The first patients turning up at hospitals and makeshift clinics in Indonesia's Aceh province — the area hit hardest by the earthquake and tsunami — had mostly scrapes, bruises and broken bones. Now, some doctors say they are treating worse problems, like gangrene (search) and pneumonia (search).

Dr. Ronald Waldman, who is coordinating the World Health Organization's (search) efforts in Indonesia, said dangerous infections are sneaking into superficial wounds. Measles has become a major threat, and UNICEF (search) said it expects to start mass vaccinations in the area soon.

WHO warned that if basic needs — particularly access to safe drinking water — are not restored by the end of this week, there would be a risk of infectious disease outbreaks that could kill as many people as the tsunami's direct impact.

"Five million people have been severely affected by the tsunamis. We now estimate that as many as 150,000 people are at extreme risk, if a major disease outbreak in the affected areas occurs," said WHO Director-General Dr. Lee Jong-wook, who was touring a stricken part of Aceh on Indonesia's Sumatra island Wednesday with UNICEF chief Carol Bellamy.

Scratches suffered in the disaster have now become infected and more patients are being treated for these than anything else. In some cases gangrene has set in, requiring limb amputations. There were no exact numbers on gangrene cases.

Pneumonia has also emerged as a significant illness, caused by exposure to dirty water during the tsunami, Waldman said.

However, the number of cases of children with severe diarrhea is still low, and the cases are not thought to be due to the germs that cause cholera or other illnesses that could explode into epidemics, Waldman said.

In another positive sign, the size of refugee camps that have formed so far for tsunami survivors in Asia's hardest-hit areas is smaller than usual for major humanitarian disasters, reducing the risk of disease outbreaks that could multiply the death toll, Lee said.

Lee said he was encouraged that mega-camps, such as those in Sudan's troubled Darfur region, have not formed here.

At least three Darfur refugee camps house more than 150,000 people each. A killer outbreak of hepatitis E, found in dirty water, took hold last year. International agencies estimate that disease, malnutrition and clashes in the Darfur camps have killed more than 70,000 people since March.

"A huge camp means everything will be huge — the challenge will be huge," Lee said as he visited hospitals and clinics tending thousands of people injured in the Dec. 26 earthquake and tsunami.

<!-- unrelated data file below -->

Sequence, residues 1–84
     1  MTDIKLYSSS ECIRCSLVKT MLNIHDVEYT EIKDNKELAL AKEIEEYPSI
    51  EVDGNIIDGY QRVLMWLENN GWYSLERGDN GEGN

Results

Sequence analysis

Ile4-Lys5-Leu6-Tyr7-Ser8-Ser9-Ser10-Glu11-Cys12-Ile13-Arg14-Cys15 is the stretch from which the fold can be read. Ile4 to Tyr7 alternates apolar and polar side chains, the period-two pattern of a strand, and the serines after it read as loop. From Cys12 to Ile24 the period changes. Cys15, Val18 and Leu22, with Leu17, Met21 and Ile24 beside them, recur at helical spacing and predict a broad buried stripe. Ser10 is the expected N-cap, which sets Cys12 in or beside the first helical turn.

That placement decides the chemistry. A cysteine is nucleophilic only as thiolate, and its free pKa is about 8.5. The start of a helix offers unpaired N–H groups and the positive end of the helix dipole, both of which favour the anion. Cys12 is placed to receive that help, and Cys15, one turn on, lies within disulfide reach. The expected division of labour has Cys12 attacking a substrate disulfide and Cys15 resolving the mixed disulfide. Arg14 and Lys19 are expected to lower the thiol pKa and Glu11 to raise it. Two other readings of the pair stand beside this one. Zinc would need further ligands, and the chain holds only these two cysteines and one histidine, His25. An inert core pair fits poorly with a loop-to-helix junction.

Mega-camps are often plagued by food shortages, poor sanitation and social unrest caused by cramped, unnatural living conditions. Infectious diseases such as cholera, typhoid and dysentery spread easily.

About 150 small, informal refugee camps have sprung up in Aceh in the week since the tsunami hit.

Such small camps are better for refugees' mental health, and let survivors live a more community-like life, Lee said.

But disease outbreaks are still a threat, he warned.

"Living in even those little camps is not a good idea," added UNICEF's Bellamy. "The sanitation system is still quite unacceptable."

Meanwhile, Michael Elmquist, head of the U.N. relief effort in Indonesia's Aceh province on Sumatra, said on Wednesday that Indonesia's government has broken ground on four refugee camps that could house up to 500,000 people. He did not provide details on the size of the planned camps.

Three of the five hospitals in the provincial capital, Banda Aceh, are functioning, staffed by Indonesians and foreign helpers, but they are struggling to find enough beds. The U.S. military has been evacuating injured survivors from remote communities.

Bellamy said sanitation is the most desperate challenge in Banda Aceh.

Bottled drinking water is getting through, but toilets are almost nonexistent.

The two UN officials said they were encouraged to see people clearing wreckage left by the tsunami.

"The damage is mind-boggling, but they are rebuilding and everybody is moving around with a purpose," Lee said.

Bellamy said she was impressed with the scale of the cleanup.

"There are more signs of cleanup here than there were in the four locations in Sri Lanka I was in two days ago," she said.